The soldiers combing through Hay Sumer belong to an elite outfit known as the Rapid Response Forces, which were deployed to eastern Mosul early in January to ramp up the pressure on ISIL. Along with additional federal police units they have provided the extra manpower that, together with increased support by US special forces, has speeded up the Iraqi advance on the east bank of the Tigris.

Hay Sumer and adjacent neighbourhoods had been an isolated pocket of ISIL resistance since Iraqi special forces reached the Tigris last Sunday, cutting off the south-east from the centre and preventing the insurgents from strengthening their defences there.

The few remaining militants are terrified, often surrendering or retreating without offering a fight, according to a militant captured by the Rapid Response Forces earlier that day.

“Daesh fighters are scared and want to escape. Their morale is very low. They hide in the houses for fear of air strikes,” he said. He was a hulk of a man, with a bushy beard. His hands and feet tied, he sat blindfolded on the floor of a house commandeered by the military. The soldiers had covered him in a blanket to keep him warm, and he obediently answered any question thrown at him.

With ISIL banished, life returned to Hay Sumer. Families stood outside their houses, warmly greeting the soldiers that had brought them freedom. At the behest of the military, they had rolled their cars into the street, creating a multi-layered defence against the suicide car bombs that have inflicted heavy casualties among Iraqi forces and civilians.

Children milled about, and the men wasted no time in walking to neighbouring districts in search of food. Supplies had run low since the battle for Mosul commenced in November, and on the main roads a steady stream of men returned to their homes carrying eggs, vegetables and other foodstuff from the markets that have sprung up in liberated areas.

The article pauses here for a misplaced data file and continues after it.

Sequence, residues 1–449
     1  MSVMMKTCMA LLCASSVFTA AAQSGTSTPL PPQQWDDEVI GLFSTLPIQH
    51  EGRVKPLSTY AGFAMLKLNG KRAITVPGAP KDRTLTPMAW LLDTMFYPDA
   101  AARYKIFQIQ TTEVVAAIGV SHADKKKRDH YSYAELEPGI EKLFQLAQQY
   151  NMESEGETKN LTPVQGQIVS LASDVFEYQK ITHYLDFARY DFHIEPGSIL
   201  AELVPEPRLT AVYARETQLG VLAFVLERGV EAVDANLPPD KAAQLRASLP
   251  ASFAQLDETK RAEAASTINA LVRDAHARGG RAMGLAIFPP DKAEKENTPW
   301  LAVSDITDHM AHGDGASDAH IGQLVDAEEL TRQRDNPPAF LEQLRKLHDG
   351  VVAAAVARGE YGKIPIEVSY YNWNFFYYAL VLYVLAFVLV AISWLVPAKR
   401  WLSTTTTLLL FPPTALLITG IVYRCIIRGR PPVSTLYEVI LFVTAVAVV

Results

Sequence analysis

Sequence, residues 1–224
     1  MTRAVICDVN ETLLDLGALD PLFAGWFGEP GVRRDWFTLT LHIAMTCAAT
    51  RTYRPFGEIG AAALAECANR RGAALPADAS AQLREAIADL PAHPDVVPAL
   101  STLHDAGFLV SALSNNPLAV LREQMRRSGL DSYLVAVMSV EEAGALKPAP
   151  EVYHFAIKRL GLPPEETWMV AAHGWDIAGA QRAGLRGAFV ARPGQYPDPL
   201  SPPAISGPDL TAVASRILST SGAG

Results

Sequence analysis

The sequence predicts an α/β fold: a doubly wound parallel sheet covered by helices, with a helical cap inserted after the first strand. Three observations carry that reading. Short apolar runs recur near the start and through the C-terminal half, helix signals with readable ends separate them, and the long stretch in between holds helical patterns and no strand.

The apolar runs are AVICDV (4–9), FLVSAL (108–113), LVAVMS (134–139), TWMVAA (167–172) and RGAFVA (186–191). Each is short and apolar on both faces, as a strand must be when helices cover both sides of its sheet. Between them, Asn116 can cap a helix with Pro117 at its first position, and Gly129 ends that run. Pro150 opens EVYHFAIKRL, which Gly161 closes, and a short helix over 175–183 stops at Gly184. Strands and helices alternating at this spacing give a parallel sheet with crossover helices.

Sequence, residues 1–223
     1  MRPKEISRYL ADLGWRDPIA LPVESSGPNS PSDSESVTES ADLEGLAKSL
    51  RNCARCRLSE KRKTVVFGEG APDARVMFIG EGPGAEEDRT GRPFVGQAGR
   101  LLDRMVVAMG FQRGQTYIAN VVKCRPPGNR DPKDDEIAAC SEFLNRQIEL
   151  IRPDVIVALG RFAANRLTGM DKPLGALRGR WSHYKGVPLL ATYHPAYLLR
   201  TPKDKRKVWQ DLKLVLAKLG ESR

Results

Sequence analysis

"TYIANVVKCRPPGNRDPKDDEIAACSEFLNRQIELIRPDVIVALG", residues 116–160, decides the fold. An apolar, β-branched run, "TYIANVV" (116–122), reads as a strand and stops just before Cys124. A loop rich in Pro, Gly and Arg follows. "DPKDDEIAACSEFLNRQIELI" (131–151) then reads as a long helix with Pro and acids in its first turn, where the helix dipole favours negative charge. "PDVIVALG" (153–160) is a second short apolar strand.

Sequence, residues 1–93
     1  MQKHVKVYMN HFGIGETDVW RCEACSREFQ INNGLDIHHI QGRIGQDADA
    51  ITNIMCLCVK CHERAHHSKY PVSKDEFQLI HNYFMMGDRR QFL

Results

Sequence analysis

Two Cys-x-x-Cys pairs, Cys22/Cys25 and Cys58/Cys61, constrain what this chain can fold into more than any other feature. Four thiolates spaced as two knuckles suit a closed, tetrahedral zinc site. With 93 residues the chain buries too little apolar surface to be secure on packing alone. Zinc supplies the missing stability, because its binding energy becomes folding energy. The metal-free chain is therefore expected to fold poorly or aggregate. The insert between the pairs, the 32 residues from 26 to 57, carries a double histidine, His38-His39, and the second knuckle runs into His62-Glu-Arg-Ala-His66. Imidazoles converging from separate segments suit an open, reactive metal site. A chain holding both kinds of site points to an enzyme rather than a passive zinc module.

The government and international aid agencies are failing to bring sufficient supplies into the city, and it is down to private enterprise to keep its inhabitants fed.

“I will go down to Gogjali to buy food soon. I want to open a vegetable stand here,” said Tawfik Raleb, whose street had been liberated in the morning.

Fawaz Saud, a taxi driver and father of three, was relieved that his family had not come to any harm in the fighting. He had last seen ISIL fighters in his street at around seven in the morning, he said. They were anxious and aggressive, and threatened to shoot civilians who watched their retreat. Iraqi troops moved past his house two hours later, ending the tension that had built up as the front line drew close.

“We were so happy when the army arrived. The day before, we were too afraid to even come to the garden,” said Mr Saud.

In the late afternoon, ISIL began launching mortars into the area, but the residents of Hay Sumer paid little heed to this parting shot from the defeated militants. In one street, a police car had cranked up its speakers, drowning out the explosions with the first music to echo through the neighbourhood since the insurgents stormed Mosul in 2014.